HC Deb 31 May 1860 vol 158 cc1816-26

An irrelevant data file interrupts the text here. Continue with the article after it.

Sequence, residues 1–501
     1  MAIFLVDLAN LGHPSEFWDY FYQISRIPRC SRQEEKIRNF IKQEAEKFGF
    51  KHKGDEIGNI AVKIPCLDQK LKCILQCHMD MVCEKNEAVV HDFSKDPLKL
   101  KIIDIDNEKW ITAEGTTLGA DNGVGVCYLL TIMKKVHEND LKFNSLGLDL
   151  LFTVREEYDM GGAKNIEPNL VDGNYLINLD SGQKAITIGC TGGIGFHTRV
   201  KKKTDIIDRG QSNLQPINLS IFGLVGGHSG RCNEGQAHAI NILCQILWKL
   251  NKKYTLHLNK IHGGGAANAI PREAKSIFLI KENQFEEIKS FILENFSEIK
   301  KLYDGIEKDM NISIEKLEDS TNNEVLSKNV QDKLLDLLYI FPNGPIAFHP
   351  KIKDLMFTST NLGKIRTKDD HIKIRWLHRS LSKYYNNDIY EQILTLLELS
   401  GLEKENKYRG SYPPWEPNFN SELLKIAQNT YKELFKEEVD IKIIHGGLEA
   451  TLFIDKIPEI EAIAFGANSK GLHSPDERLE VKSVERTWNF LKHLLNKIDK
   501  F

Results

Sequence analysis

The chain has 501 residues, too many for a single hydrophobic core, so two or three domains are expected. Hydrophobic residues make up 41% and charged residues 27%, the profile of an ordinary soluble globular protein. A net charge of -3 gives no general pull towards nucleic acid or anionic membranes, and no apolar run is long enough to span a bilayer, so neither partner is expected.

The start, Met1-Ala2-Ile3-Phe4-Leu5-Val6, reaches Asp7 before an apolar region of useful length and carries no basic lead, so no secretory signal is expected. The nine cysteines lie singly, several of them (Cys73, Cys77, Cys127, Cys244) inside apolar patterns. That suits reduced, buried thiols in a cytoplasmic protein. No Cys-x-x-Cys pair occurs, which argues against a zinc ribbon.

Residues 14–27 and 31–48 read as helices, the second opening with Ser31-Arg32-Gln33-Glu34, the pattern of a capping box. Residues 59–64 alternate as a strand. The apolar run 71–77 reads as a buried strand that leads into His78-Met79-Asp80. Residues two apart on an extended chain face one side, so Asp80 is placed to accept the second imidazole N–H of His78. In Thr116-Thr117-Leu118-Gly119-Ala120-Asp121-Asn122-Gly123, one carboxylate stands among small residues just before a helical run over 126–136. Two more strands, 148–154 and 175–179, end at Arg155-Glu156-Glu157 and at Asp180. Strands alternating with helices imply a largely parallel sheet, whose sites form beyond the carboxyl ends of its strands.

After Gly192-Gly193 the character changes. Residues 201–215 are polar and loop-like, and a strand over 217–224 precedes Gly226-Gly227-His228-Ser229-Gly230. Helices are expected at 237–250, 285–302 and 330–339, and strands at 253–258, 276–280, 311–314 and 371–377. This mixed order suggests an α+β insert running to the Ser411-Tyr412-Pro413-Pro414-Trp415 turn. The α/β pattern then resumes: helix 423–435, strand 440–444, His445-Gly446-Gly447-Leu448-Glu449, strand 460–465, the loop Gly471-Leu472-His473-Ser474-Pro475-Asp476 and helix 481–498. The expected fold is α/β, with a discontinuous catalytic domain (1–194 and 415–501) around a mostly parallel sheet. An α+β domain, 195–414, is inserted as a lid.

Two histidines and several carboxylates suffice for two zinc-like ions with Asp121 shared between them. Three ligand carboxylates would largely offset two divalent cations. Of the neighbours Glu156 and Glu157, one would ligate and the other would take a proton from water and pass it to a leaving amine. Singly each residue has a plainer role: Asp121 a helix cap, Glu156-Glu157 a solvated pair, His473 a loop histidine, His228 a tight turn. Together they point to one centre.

in rising to draw the attention of the House to the recent appointment of General the Hon. Sir Charles Grey to the Colonelcy of a Regiment, observed:— A Notice stands in my name respecting the recent appointment of General the Hon. Sir Charles Grey to the sinecure Colonelcy of a Regiment. That Notice has been caused somewhat accidentally. In the Committee on Military Organization I took the liberty, a few days since, of asking the Secretary for War, in the course of his evidence, a question, which is reported in the following words: — In the highest appointments (for which you are responsible) you include, do you not, nominations to colonelcies of regiments?—Yes. There has been an appointment (to a colonelcy) which attracted a good deal of public attention; did that appointment come under your notice?—Certainly; I am responsible for it. I do not wish to press the question, but it might, perhaps, be agreeable to you to state the reason for that appointment?—I would sooner you put that question to me in the House of Commons. Now, I consider this invitation as leaving me no option but that of submitting the question, which I now do, on the present Motion. And, considering the very serious principle involved in this recent appointment, I am very glad that it has thus devolved to me to bring it to issue; for, if it be to be regarded as a precedent, it is but right that the fact should be made known to the army and to the public. In 1833, a Select Committee was appointed to inquire into the grounds of similar sinecure nominations. In the evidence of the late Lord Raglan (then Lord FitzRoy Somerset) before that Committee, the following questions and answers are recorded:— Do you not consider it essential to the good of the service that the Commander-in-Chief should have the power to select the most meritorious officers for those which are appointments of reward, and not exactly appointments to which duties are attached?—Yes; I consider that the just reward of individuals in all ranks, but particularly in the higher ranks, is a very important duty for the Commander-in-Chief to discharge, not only as it affects the officers of the King's service, but the credit of the country and the honour of His Majesty himself. Supposing (his Lordship was asked) that there was a general officer who had had short service, but who had had an opportunity of distinguishing himself in the field, and that there was another officer of a longer service, but who had performed that service in the Colonies and had not had the same good fortune in distinguishing himself,— which of those two classes would, as the general principle, the Commander-in-Chief prefer in recommending for Governments?—I should say that the general officer whose service has been shorter, but who had the greater opportunity of distinguishing himself in the field, has been repeatedly exposed to danger, and has been wounded,—one, in fact, who has been in a situation of higher responsibility,—would be the first class of officers to be considered. His Lordship went on to say, that— The next officer to be considered would be one who had accompanied his regiment to the Colonies and had acquitted himself well in command of it. Then the general officers, he added, who had performed very respectable service, chiefly at home, would certainly come in the Inst of the three classes. Again, in the Report of the Royal Commission of 1854, of which the present Secretary of State for War was Chairman, there is the following recommendation to Her Majesty, namely: — That the command of battalions In the Ordnance corps be given without reference to seniority, in the same manner as the colonelcies of regiments, to the officers whose services appear the best to entitle them to such a distinction. In mentioning the name of General Sir Charles Grey I have not the remotest intention or wish to undervalue the services of that officer. On the contrary, I have no doubt that the gallant officer has rendered very important services as Private Secretary to his Royal Highness the Prince Consort; but the impression on my mind is that they are not important military services. I have heard that General Sir Charles Grey has commanded with great propriety a regiment on home service, and far be it from me to diminish the gallant officer's claim on that account; but to that description of claim Lord FitzRoy Somerset has given the last place. Upon looking over the Army List it appears that there are fourteen general officers senior to Sir Charles Grey who have seen a great deal of service in the field and in the Colonies, some having been wounded; and again, there are several Generals who have commanded brigades, or even divisions, during the Indian mutiny or in the Crimea, who are without regiments. Then there are a great number of other officers less fortunate in arriving at the rank of General, but who have served longer than Sir Charles Grey, and have performed distinguished services; yet the General officer selected for the recent appointment has never, if I am rightly informed, served out of the United Kingdom. I do not com- plain of the appointment of such a young general as Sir John Inglis to a regiment, for he rendered distinguished service at Lucknow but when generals of longstanding in the service, who have served in all parts of the world, find their claims totally overlooked and their services set aside in favour of an officer who has never been out of the United Kingdom, I must say I think it very extraordinary. I have no doubt that General Grey commanded a regiment perfectly well on home service. Perhaps he may also have gone to the Colonies. If so, the Secretary for War will not fail to state it. But according to Hart's Army List, General Grey virtually quitted the army eighteen years ago to take a high and confidential appointment in the Palace, I am far from wishing to undervalue or depreciate the important services which he may have rendered, and no doubt has rendered, in that capacity; but again I say they were not military services. I believe only two or three officers have been promoted above him; but on this question of seniority I wish to draw the right hon. Gentleman's attention to the Report of a Commission which sat in 1854, and of which he himself was the Chairman. This Commission recommended "that the command of battalions in the Ordnance corps be given without reference to seniority, in the same manner as the colonelcies of regiments, to the officers whose services appear the best to entitle them to such a distinction." It will be seen from this that the right hon. Gentleman totally disclaims the principle of seniority, unless in addition to seniority there is distinguished service. In the public prints, eight or ten names of really distinguished officers have been mentioned who have been set aside on this occasion, some of them having held high commands. In short, I can hardly help believing that the whole of the matters connected with this case have not been brought under the notice of the right hon. Gentleman as they ought to have been, because I am satisfied, with his high sense of justice and his strong desire for the good of the service, that he would have hesitated before giving his assent to or accepting the responsibility of this appointment. The right hon. Gentleman on the occasion to which I have referred volunteered the statement that he was expressly responsible for this appointment. Probably there is some little omission here, for the Commander-in-Chief must surely have recom- mended the appointment to him, and he would not make it without such a recommendation. On speaking of this matter to some persons they said that the readiness of the right hon. Gentleman to meet the question in the House of Commons probably arose from his being aware of the fact that General Grey had offered to serve in the Crimea. Well, I believe that all the general officers in the army offered to serve there. But with regard to offers of service in the Crimean or other wars let me draw attention to a passage in the letters of the Duke of Wellington, just now published, which is very decisive on this point. He was Secretary for Ireland in 1809. It was reported that an expedition would sail to the Peninsular. His appointment produced large emoluments—I believe some £6,000 or £7,000 a year; but he wrote directly to Lord Castlereagh, somewhat to this effect: —"I hear it reported that an expedition to the Peninsula is being prepared. I am determined not to abandon my profession. I hold a very lucrative post. Whether you have the opportunity of appointing me to this expedition I cannot say, but this I have to say—you must be so good as to provide a substitute for me in the office of Secretary for Ireland, for I will not stay in that office, whether I go to the Peninsula or not. I should risk my character with the army if they could say that I had preferred a lucrative position at home to serving in the field." And on another occasion he said:—"There shall be no mistake about it. I won't continue to hold this office, whether yon give me a military command or not. Provide another Irish Secretary, for I won't stay here." The result was that he was appointed to command the expedition; but his language showed how strong was the feeling which he entertained in reference to the position of an officer who continued to hold an emolumentary office during time of war. I think, therefore, that the mere offer of service in the Crimea, unless it was followed up with the vigour which Sir Arthur Wellesley evinced on that occasion, hardly furnishes an adequate ground for the present appointment. These preferments are 135 in number, and really, unless it is found that that they are distributed on some satisfactory principle as rewards for military services, I doubt whether the country will acquiesce in the continuance of this definite number of them. I have never seen this House unwilling to reward active and approved services, and I cannot help sharing in the opinion which many entertain that several of the officers who have recently distinguished themselves in India are entitled not only to this kind of preferment, but to a great deal more; while I believe, on the other hand, that some officers have succeeded to such appointments without having seen any service which could give a right to them. I said before there were not less than fourteen general officers senior to General Grey, whose claims were not considered upon this occasion. Several of them went through almost the whole of the Peninsular War. Then, again, there is a list of other officers, not, indeed, senior to General Grey, but far superior to him as soldiers, who performed signal services in the Crimea and India, but who were also passed over. A few days since an old general officer called upon me while this notice was on the paper. He is one of the officers named in a recently-established military publication, The Army and Navy Gazette — General George Bell. I knew that he was a very old officer, and had served most honestly and gallantly, and I asked him how his services had been rewarded, and whether he had received the command of a regiment. He replied, that his services had not received the slightest word of encouragement, and that he despaired of any requital for them. "Have you any objection to my referring to them in the House?" I asked. "Not the slightest," he said. He is a gallant old officer, and does not care one straw for anything which may be said, seeing that he speaks nothing but the truth. He has served for about fifty years, which is much longer than General Grey's military career. Of these fifty years, forty were passed upon active service in the Peninsula (where he was present at a great number of battles), in the East and West Indies, the Mediterranean, Gibraltar, Nova Scotia, the Canadian rebellion, the Burmese war, and in the Crimea. General Bell says, that, undoubtedly, there were others who, perhaps, served longer than he did in the Peninsula, but who afterwards retired; but he has served up to the present time, and asks to serve again. During eleven years he commanded his regiment (the Royals), and he was wounded more than once at the head of it. He was wounded also while commanding the troops (3,000 men) in the trenches before Sebastopol, and he also commanded a brigade in the Crimea. Surely such an officer as this, who has seen forty years of active service, is unfairly neglected when a general officer, twelve years younger in the army than he is, receives the command of a regiment, while he gets no encouragement even to expect such an appointment, I presume that the right hon. Gentleman will be able to make out a good case. He appeared to have not the slightest doubt of doing so. I remember that when the question of the purchase system was brought under the consideration of the House some time ago, the great obstacle set forth in the way of removing that dishonour and disgrace to the British army was said to be the difficulty of making a selection. It was then given out by some very high authorities— by Lord Panmure and the Commander-in-Chief amongst them—that to make selections would be most invidious. But the present is one of the most complete cases of selection that can be imagined, and I believe that it has caused more dissatisfaction among the officers of the army than can well be conceived. Many other subjects have been adverted to this evening, and a very important statement has been made by the late Secretary for War (General Peel). In some of his opinions I concur, but from others I certainly must dissent. He seemed to think that there could be no further economy in the present military establishment. If he means that no economy can be effected as regards the numerical strength of our forces, I agree with him. But if he means that there is no possibility of effecting any saving in the administration of the army, I can assent to no such proposition. I believe that the military Estimates which are presented to us from year to year are in a state of great confusion. They do not satisfactorily ex plain the state of the administration. The object of them must he to make clear what is the expense of each officer in the service and in every department; but I will venture to say that few men, whether civilians or military men, are able to discover that distinctly. Almost every staff officer has three or four different items of pay, and unless they are traced out with great care in different parts of the Estimates it is impossible to find out what is the amount each officer is really receiving. I must do my hon. Friend (Mr. Laing) and also the hon. Baronet opposite (Sir Stafford North-cote), the justice to say that the Treasury has several times remonstrated with the War Department upon the confusion of the accounts, and the expediency of simplifying them. I will just state one instance of the delusive character of these accounts. Take the first item in these accounts. The salary of the Commander-in-Chief is stated broadly at £3,300 a year; but if we look through the Estimates we shall find that there are three or four other items, which increase his emoluments to upwards of £6,000 a year. I do not mention this in any invidious spirit, but simply because it is the first item which presents itself. Then, again, in my opinion, the Staff ought to be paid in accordance with the importance of the duties which the officers have to perform, and toe payment should appear clearly in the Estimates. I believe if this matter were looked into, we should find that a very considerable percentage of saving could he effected. I know that there are parties who would be prepared to offer opposition to such a change. The right hon. Gentleman has a large body of clerks who, having been brought up on the old system, would be very disinclined to adopt a new one. I will not dwell further upon that point, but I must say that some improvement must he made in the present practice if the army is ever to be administered in an economical and efficient manner. I think there is some extravagance in the cost of our Staff. I do not wish to select individuals, but in order to do any good one must refer to particular cases. Until lately there was no such thing as a General officer on the Staff in the Guards, that duty being generally undertaken by some officer at the Horse Guards. Then, again, there are some corps which have more officers than they require. There are also certain items in the payment of Staff officers which I think it would be for the comfort of those officers themselves should be inquired into. There are also other appointments of considerable emolument which it would be well to inquire into. I find there are some General officers who receive from £5,000 to £10,000 or £11,000 a year. Now, I think that as £5,000 or £6,000 a year is a very handsome allowance for a Bishop, it is enough for a General officer. I know it may be considered invidious to make these remarks, but unless some one does it we shall do no good. An hon. and gallant Gentleman (General Peel) has stated that we have 150,000 effective men upon the establishment, exclusive of India. I wish we had 150,000 available men in the United Kingdom—but unfortunately that figure includes the troops in the Colonies, which amount to 30,000 or 40,000 men. We must of course keep garrisons in certain fortresses, but the question of keeping troops in the Colonies has been treated of in an able Report recently laid before Parliament, drawn up by three civilians, Mr. Hamilton, Mr. Elliott, and Mr. Godley. Among the contents of that Report—which contains some very just observations—a maxim is laid down, that the real defence of the Colonies is in the people themselves, and not in paltry detachments of troops disseminated through the colonies. That is no new thought, however, for I recollect when I was much younger I lamented the erroneous system which prevailed of having garrisons in almost all the places in our possession. That was at a time when the French had no large fleet; but whether she has a fleet or not, I hope the Government will always bear in mind that the real defence of the country is best cared for by having a great mass of troops concentrated near the heart of the empire and taking the chance of some little island being attacked; our best plan is not to garrison all posts, but to mass our troops upon a central point. Even at the commencement of the tremendous mutiny in India, we had nearly 12,000 men, nearly 10,000 of the Line, at the Cape of Good Hope. The Governor of the Colony bad such great regard for good troops, that although he received orders from the Colonial Office to detach troops, he did not do so he was first instructed to send troops to the Crimea, but he declined to comply; and subsequently he received more than one order, as has been proved before a Committee of the House of Commons, from the Colonial Department, to send troops to India, but he held back. The fact was we were spending nearly a million a year for the advantage of the small population of the Cape of Good Hope. That is one instance of the effects of the old system. Except in the fortresses which must be held by garrisons, and with the great exception of India, I do not see that there need be any considerable number of troops in any other posts. A very important communication was made to the different Colonies by the right hon. Gentleman the Colonial Minister in Lord Derby's Administration (Sir John Pakington), pointing out to them that they were all greatly increasing in population and wealth, and ought to develope their own means of local defence, without expecting any assistance from the mother country except in case of war. That point has also been ably dealt with in the Report to which I have before referred, and I hope the present Government will follow up those suggestions and say to the Colonies that they must place themselves in a position for self-defence. Some have, indeed, done so; Australia has commenced, and Canada has made considerable progress. The two Provinces of Canada, I believe, have a militia amounting to about 200,000 men, a force far greater than our own militia. The hon. and gallant General opposite has referred to a most important point, the Reserves of the army. When Parliament was prorogued at the end of last Session there was one paragraph in the Royal Speech which attracted my attention and gave me much pleasure. Her Majesty congratulated Parliament that measures had been taken to form Reserves both for the army and the navy, and that the national defences were a paramount object in the policy of the Government. I think still that ought to be a paramount consideration; but I am sorry to say the Reserve for the navy has proved most insignificant in numbers, and the Reserve of the army hardly exists at all, or at most only to the extent of a few hundred men. We have, no doubt, a considerable force in the shape of Volunteeer Corps, which we owe entirely to the public spirit and patriotism of the country. The Government are entitled to very little credit in respect of that force, for the truth is, that for a time they seemed to doubt whether they should encourage or discourage the movement. I am sorry to see that an hon. Baronet (Sir R. Peel) has thought it necessary to give notice of a Motion that the Vote on the Estimates for the Volunteer Force should be reduced. I can only say that I believe the movement has been, on the whole, very satisfactory, and I was happy to see the amount of the force lately stated authoritatively to amount to 120,000 or 130,000. I am sure that the right hon. Gentleman the Secretary for War will give to that important force all the encouragement it so well deserves. I rather regret, however, that steps have not been taken to enlarge the basis of the force. I am afraid that in some quarters there is a little jealousy felt as to allowing the people at large to join in this movement. I will only remind such persons that one of the great Powers of Europe—Poland— fell and disappeared from the rank of nations through the jealousy of the aristocracy towards the great mass of the people. very much regret that nothing has been done to establish a volunteer force in Ireland. I know very well that an idea exists that the people of Ireland are disaffected, and that those who profess the Roman Catholic religion are not so loyal to the British Crown as they ought to be. It appears to me, however, that the sympathy which many of the Irish people have evinced for the Papal cause ought not to excite the least apprehension. There is no reason to suppose, because sympathy has been manifested towards the Pope, that they are, therefore, disloyal to the British Government. It is a complete mistake to think so, and one that ought to be rectified. We are told that the law does not admit at present of the embodiment of volunteers in Ireland. If such be the law, I say, as I have said before, that it ought to be altered without delay. In the Letters of the Duke of Wellington, just published, and to which I have already alluded, I find that in 1808, when there was infinitely greater cause than now of disaffection towards the British Throne, the Duke writes with much satisfaction to say that he has organized a volunteer force of between 40,000 and 50,000 men; and the population was considerably less at that time than it is now. We have had Irish militia regiments in this country, and I should like to know if any one ever thought of distrusting those troops? There are, too, the Irish constabulary, almost all of whom are Roman Catholics; but I never heard that disloyalty was imputed to that fine body of men. These, in my opinion, are all arguments to prove that we ought to have a strong volunteer force in Ireland as well as in this country. With regard to the feelings of the people of Ireland on this subject, I would refer with much pleasure to an excellent speech lately delivered by the Catholic Bishop of Kerry, in which he answered some statements said to have been made rather too favourable to the French Government. He said such statements arose from a want of consideration; that he did not believe his fellow-countrymen or the priesthood would be so wanting in common sense as to desire to have a species of despotism in Ireland such as existed in France; and he reminded them that they would not have been allowed in France to make such speeches as had been made in reference to this subject. The late Secretary for War (General Peel) has spoken of the exact force now in this country, and has declared it as his opinion that that force is quite inadequate. In that opinion I entirely concur. The nominal force in this country at the present moment is quite inadequate, and I am not satisfied with its composition. Let us economize as far as we can. No one will be readier to do so than myself; but the possession of a numerical force that will enable us to fight in the field is the great object that we ought to aim at. We are told we have 150,000 men, but we have no such number in the United Kingdom. [Mr. WILLIAMS: Hear, hear!] The hon. Member for Lambeth no doubt knows all about it. We may have 150,000 to pay, but this includes men for the Colonies, and some of them are highly garrisoned. I do not believe we have more than 30,000 troops of the Line at home; there are 20,000 in the depots, and these depots are in a most unsatisfactory state, because they are made up of recruits assembled together without amalgamation. A speech was lately made by a noble and gallant Lord (the Earl of Lucan) in "another place" on this subject, and he recommended that second battalions should be substituted for depôts. This is a matter worthy of serious consideration, and I hope it will receive the attention of the Government. At any rate the present system should be altered, for it was far from producing satisfactory results. I have to apologize to the House for the length of the observations I have ventured to make; but my excuse is the vast importance of the subject.